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Publication numberUS7340903 B2
Publication typeGrant
Application numberUS 10/746,863
Publication dateMar 11, 2008
Filing dateDec 24, 2003
Priority dateDec 24, 2003
Fee statusPaid
Also published asUS20050144959
Publication number10746863, 746863, US 7340903 B2, US 7340903B2, US-B2-7340903, US7340903 B2, US7340903B2
InventorsFrank K. Lu, Donald R. Wilson
Original AssigneeBoard Of Regents, The University Of Texas System
Export CitationBiBTeX, EndNote, RefMan
External Links: USPTO, USPTO Assignment, Espacenet
Scalable power generation using a pulsed detonation engine
US 7340903 B2
Abstract
A scalable power generator is described. A scalable, portable pulsed detonation engine is coupled to a turbine which drives a generator and using commonly available fuels, electric energy is provided. Additional embodiments incorporate a mechanical compressor at the intake of the pulsed detonation engine which is driven by a second turbine, the second turbine drives a shaft that powers the mechanical compressor. Other enhancements to the invention and additional embodiments are described.
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Claims(43)
1. A power generating apparatus comprising:
a source of compressed air having an air intake and outputting compressed air;
a pulsed detonation tube section receiving the compressed air, and having an exhaust output;
a fuel input valve to provide cyclical fuel bursts into the pulsed detonation tube section;
an air intake valve to provide the compressed air cyclically into the pulse detonation tube section,
a common driving means to operate the fuel input valve and the air intake valve, the common driving means being a belt or a chain;
an igniter for providing into said pulsed detonation tube section a high energy cyclical ignition pulse which is synchronized to said fuel valve bursts, the fuel being combusted in response to the ignition pulse and producing a high velocity pressure wave;
a turbine coupled to the exhaust of said pulsed detonation tube section which is turned by the energy of said pressure wave and having an output; and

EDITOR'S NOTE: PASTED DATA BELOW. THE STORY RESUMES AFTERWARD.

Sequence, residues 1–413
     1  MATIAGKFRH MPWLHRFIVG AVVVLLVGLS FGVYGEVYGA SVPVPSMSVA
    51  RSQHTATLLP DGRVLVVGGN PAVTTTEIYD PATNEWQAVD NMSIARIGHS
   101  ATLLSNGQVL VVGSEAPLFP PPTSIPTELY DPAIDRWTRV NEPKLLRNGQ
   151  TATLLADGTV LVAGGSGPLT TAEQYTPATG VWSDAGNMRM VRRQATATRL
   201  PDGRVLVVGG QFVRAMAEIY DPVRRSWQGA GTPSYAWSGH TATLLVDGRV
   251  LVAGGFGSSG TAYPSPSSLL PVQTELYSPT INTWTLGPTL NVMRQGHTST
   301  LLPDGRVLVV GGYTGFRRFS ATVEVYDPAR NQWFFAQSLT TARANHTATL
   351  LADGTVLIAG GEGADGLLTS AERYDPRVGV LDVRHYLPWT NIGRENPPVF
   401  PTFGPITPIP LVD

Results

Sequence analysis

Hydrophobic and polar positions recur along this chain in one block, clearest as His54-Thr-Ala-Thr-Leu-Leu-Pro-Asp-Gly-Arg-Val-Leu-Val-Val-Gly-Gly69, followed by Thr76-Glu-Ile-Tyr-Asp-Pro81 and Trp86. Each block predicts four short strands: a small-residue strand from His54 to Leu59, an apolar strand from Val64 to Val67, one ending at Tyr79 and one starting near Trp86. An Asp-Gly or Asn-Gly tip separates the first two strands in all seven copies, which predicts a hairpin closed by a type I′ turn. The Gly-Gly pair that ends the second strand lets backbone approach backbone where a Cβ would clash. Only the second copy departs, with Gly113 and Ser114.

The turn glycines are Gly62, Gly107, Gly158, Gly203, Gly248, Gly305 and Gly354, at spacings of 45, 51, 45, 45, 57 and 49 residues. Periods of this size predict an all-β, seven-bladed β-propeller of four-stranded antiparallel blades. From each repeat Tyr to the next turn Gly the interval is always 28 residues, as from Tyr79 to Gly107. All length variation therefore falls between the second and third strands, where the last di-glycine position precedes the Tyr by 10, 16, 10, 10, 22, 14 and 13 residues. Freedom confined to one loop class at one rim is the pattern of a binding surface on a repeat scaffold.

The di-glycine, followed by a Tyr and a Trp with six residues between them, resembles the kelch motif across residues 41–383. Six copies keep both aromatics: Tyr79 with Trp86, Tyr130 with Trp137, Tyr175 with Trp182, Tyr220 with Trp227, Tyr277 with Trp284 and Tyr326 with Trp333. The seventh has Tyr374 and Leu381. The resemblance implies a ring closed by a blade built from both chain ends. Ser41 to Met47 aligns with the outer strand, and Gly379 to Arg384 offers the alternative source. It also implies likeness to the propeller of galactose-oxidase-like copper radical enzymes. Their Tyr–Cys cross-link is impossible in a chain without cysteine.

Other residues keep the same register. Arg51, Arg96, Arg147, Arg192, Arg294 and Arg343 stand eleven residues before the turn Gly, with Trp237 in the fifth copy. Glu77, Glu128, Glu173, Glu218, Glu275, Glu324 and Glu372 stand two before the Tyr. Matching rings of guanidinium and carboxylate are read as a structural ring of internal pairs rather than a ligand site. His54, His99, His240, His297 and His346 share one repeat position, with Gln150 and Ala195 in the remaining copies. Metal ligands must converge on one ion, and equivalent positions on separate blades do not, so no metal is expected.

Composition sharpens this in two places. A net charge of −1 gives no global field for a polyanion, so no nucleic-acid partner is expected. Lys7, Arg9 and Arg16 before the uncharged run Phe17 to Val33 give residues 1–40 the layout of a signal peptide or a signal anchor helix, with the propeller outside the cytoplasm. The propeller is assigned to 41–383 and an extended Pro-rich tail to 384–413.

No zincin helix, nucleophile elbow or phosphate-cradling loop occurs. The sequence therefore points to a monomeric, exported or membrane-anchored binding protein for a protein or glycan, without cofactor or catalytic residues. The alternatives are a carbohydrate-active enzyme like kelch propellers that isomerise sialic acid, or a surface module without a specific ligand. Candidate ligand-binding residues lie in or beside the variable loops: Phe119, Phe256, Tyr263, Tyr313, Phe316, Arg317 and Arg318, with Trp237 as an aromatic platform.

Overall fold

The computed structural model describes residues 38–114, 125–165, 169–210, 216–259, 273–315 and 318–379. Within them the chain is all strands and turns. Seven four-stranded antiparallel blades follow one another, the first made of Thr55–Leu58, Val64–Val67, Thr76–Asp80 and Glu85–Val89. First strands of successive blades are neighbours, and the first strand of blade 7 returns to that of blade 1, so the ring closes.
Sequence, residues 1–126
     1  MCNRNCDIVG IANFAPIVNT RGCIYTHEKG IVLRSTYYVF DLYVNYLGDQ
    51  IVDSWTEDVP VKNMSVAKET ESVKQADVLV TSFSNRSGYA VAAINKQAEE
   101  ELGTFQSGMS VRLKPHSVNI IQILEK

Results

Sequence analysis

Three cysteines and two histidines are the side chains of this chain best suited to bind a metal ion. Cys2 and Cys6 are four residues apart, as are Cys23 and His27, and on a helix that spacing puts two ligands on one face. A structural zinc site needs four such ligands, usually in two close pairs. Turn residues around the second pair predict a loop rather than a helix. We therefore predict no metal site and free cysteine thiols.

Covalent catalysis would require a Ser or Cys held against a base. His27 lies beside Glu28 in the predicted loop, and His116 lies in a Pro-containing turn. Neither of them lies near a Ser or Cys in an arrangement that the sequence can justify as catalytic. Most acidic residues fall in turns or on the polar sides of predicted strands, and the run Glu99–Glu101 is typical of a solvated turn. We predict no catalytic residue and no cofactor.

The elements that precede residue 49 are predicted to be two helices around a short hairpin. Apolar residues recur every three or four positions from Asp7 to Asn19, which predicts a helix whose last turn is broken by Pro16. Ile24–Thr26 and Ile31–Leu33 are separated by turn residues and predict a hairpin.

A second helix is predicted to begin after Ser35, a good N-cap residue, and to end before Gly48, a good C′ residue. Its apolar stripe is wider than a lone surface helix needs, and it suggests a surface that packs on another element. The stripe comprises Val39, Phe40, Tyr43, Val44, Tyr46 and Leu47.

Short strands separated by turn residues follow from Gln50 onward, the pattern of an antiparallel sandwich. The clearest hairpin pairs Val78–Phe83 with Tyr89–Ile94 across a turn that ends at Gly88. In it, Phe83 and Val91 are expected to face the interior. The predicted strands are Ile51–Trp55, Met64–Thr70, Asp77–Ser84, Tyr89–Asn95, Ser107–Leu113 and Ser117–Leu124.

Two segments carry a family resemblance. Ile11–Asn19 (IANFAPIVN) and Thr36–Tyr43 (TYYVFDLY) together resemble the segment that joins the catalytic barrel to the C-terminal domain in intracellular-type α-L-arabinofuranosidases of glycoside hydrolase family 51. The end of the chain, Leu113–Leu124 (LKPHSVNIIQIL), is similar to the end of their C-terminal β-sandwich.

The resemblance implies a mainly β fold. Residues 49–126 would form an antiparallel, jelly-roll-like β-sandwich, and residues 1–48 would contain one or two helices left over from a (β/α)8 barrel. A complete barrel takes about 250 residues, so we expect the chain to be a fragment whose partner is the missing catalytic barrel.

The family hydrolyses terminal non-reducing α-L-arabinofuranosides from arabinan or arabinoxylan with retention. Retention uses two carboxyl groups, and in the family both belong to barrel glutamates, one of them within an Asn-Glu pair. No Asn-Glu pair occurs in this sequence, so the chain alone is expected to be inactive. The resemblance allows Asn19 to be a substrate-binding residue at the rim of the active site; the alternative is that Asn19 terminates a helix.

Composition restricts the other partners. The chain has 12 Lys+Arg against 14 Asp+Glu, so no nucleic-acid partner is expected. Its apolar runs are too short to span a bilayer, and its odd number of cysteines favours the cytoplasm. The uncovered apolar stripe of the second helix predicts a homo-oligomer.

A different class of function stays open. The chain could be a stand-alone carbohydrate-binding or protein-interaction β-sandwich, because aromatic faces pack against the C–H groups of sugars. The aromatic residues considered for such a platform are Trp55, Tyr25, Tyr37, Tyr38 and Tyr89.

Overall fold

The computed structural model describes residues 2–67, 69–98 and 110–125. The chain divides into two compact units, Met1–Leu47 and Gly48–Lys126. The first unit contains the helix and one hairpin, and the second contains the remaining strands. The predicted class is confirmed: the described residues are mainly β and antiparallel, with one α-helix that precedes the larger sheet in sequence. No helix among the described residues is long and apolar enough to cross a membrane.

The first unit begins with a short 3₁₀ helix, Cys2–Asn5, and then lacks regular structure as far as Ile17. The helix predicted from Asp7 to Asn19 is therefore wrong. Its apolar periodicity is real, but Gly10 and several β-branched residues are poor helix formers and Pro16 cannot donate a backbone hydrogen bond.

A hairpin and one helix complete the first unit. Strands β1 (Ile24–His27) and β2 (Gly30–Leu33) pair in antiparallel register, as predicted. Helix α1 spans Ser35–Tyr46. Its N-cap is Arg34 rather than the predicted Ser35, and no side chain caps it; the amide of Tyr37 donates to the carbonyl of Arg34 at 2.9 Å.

a generator coupled to the output of said turbine and generating electrical power as a result of the force provided by said turbine due to the pressure wave.
2. The generator set forth in claim 1, wherein the velocity of said pressure wave approximately equals the Chapman-Jouguet velocity, and a pulsed detonation wave is created.
3. The generator as set forth in claim 1, wherein the igniter and the fuel valve are operated to produce cyclical ignitions which have a frequency greater than 60 Hz.
4. The generator of claim 1, wherein the frequency of the ignition and fuel valve cycles is greater than 20 Hz.
5. The generator of claim 1, wherein said source of compressed air further comprises:
a mechanical compressor having an output coupled to the air intake, the compressor being coupled to a shaft for causing the compressor to rotate and thereby creating compressed air at its output; and
a second turbine having its input at the output of the pulsed detonation tube, and having an output coupled to the input of the first turbine, and being coupled to rotate said shaft and drive said compressor in response to the force of said pressure wave.
6. The generator of claim 5 wherein said compressor outputs a pressure of at least about 1.3 atmospheres.
7. The generator of claim 1 and further comprising a valve receiving an oxidizer which is supplied to said pulsed detonation tube in cyclical bursts that are synchronized to said fuel intake bursts.